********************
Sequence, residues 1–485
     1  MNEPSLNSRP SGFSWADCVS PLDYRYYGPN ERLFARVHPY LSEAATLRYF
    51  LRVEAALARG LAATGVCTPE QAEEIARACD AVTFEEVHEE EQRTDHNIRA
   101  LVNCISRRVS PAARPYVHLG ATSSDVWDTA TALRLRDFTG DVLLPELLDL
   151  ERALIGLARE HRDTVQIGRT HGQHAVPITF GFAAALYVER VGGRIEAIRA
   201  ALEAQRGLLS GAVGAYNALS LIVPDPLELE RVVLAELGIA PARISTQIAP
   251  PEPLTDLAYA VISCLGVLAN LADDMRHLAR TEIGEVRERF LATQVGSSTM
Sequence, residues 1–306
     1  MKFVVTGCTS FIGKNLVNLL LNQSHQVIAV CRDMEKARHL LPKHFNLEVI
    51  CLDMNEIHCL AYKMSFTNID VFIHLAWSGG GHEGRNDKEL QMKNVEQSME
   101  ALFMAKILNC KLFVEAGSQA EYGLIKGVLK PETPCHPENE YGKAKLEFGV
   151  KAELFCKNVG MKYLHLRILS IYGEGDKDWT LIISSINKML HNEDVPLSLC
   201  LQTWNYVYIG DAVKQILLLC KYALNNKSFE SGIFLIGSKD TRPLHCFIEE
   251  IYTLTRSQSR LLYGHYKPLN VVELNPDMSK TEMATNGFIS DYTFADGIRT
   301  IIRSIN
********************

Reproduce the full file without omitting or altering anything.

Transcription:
Sequence, residues 1–485
     1  MNEPSLNSRP SGFSWADCVS PLDYRYYGPN ERLFARVHPY LSEAATLRYF
    51  LRVEAALARG LAATGVCTPE QAEEIARACD AVTFEEVHEE EQRTDHNIRA
   101  LVNCISRRVS PAARPYVHLG ATSSDVWDTA TALRLRDFTG DVLLPELLDL
   151  ERALIGLARE HRDTVQIGRT HGQHAVPITF GFAAALYVER VGGRIEAIRA
   201  ALEAQRGLLS GAVGAYNALS LIVPDPLELE RVVLAELGIA PARISTQIAP
   251  PEPLTDLAYA VISCLGVLAN LADDMRHLAR TEIGEVRERF LATQVGSSTM
Sequence, residues 1–306
     1  MKFVVTGCTS FIGKNLVNLL LNQSHQVIAV CRDMEKARHL LPKHFNLEVI
    51  CLDMNEIHCL AYKMSFTNID VFIHLAWSGG GHEGRNDKEL QMKNVEQSME
   101  ALFMAKILNC KLFVEAGSQA EYGLIKGVLK PETPCHPENE YGKAKLEFGV
   151  KAELFCKNVG MKYLHLRILS IYGEGDKDWT LIISSINKML HNEDVPLSLC
   201  LQTWNYVYIG DAVKQILLLC KYALNNKSFE SGIFLIGSKD TRPLHCFIEE
   251  IYTLTRSQSR LLYGHYKPLN VVELNPDMSK TEMATNGFIS DYTFADGIRT
   301  IIRSIN